The Bizarre Frogfishes (Antennariidae: Lophiiformes): Evolutionary Relationships, Life History, and Conservation Implications
(photo by Rod Klein)
Frogfishes (Order Lophiiformes: Suborder Antennarioidei: Family Antennariidae) are a morphologically diverse group of fishes found in nearly all subtropical and tropical oceans and seas of the world. Most genera, however, are endemic to relatively small regions within the Indo-Australian archipelago. Frogfishes, like nearly all anglerfishes, have a modified first dorsal spine that serves as a luring apparatus. Due to problematic morphological characters, intergeneric relationships had remained unresolved until a molecular study was conducted in 2012. This phylogeny was constructed using fragments of the 16S, COI, and RAG2 genes. Ovarian morphology, reproductive behavior, and life history were also examined. Results from the molecular study produced a clade representing genera endemic to regions within the Indo-Australian archipelago and another representing genera that are more widely distributed in tropical and subtropical zones around the world. Novel reproductive morphology, life histories, and geographic distribution support the clades obtained from molecular data. Conservation implications and field observations are also discussed.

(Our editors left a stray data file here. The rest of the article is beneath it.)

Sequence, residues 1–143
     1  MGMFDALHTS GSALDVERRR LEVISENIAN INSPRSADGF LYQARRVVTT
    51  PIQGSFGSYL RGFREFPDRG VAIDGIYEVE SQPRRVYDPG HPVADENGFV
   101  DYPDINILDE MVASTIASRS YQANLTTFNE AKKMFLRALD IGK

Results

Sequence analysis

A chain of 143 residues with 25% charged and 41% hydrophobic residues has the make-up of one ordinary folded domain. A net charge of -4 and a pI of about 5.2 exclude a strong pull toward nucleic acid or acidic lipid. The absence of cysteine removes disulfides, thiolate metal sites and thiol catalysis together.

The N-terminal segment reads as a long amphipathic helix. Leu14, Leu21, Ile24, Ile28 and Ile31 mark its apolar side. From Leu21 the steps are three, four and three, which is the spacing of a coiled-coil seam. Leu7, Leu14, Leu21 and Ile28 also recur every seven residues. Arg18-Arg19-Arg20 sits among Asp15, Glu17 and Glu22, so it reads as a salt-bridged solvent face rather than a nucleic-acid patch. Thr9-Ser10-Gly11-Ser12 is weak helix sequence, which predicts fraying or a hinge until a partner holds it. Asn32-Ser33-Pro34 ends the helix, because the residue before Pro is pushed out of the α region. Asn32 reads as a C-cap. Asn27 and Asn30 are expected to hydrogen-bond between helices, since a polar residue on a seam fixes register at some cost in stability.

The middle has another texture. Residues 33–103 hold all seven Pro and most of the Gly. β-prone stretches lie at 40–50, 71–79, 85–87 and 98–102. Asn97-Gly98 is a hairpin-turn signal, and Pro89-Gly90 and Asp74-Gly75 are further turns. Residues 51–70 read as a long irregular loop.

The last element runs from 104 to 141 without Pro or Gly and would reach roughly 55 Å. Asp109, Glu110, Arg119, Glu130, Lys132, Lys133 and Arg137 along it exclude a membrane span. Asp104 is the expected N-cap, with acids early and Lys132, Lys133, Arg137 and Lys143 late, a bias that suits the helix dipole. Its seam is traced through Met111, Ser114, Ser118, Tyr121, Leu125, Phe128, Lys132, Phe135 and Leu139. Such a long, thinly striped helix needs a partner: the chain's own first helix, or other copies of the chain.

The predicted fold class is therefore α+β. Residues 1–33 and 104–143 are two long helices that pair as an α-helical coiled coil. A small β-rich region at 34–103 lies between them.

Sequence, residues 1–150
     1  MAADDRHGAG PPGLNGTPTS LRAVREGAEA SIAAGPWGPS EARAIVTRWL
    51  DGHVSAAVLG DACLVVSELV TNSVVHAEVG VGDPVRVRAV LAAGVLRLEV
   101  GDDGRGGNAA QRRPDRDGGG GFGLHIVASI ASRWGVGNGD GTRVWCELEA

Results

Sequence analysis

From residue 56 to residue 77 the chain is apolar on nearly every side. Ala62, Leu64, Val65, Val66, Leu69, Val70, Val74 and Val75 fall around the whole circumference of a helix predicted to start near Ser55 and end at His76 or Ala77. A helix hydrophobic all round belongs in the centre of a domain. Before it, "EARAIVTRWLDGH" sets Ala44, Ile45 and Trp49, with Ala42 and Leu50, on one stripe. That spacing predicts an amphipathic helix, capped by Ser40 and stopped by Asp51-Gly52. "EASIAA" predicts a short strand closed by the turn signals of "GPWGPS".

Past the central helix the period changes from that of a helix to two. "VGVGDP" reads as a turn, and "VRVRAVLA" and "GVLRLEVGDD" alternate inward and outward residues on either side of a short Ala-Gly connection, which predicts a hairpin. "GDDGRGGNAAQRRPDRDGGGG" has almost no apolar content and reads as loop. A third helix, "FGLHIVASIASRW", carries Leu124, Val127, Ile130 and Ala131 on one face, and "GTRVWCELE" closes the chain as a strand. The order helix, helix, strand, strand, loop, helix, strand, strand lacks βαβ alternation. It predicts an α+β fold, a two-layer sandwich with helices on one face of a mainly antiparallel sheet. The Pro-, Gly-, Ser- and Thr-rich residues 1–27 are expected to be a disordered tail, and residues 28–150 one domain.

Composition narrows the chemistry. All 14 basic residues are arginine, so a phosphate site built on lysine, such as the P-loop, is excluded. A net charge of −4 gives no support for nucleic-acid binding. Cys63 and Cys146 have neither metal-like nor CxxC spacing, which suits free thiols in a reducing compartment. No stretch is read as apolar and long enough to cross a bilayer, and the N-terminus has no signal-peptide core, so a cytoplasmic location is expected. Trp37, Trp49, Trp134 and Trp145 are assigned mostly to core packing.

(photo by Rachel Arnold)
Dr. Rachel Arnold is a member of the science faculty at Northwest Indian College in Bellingham, Washington. She received her PhD from the University of Washington where her research focused on the evolutionary history of the anglerfishes (Order Lophiiformes). Her research resulted in the addition of six newly described species, new information about distinct life histories and reproduction, and a novel hypothesis of the evolutionary relationships of anglerfishes based on molecular data. Rachel is currently studying population genomics of forage fishes important to the Coast Salish Peoples. When she’s not working, she enjoys training for triathlons and hiking with her kids.
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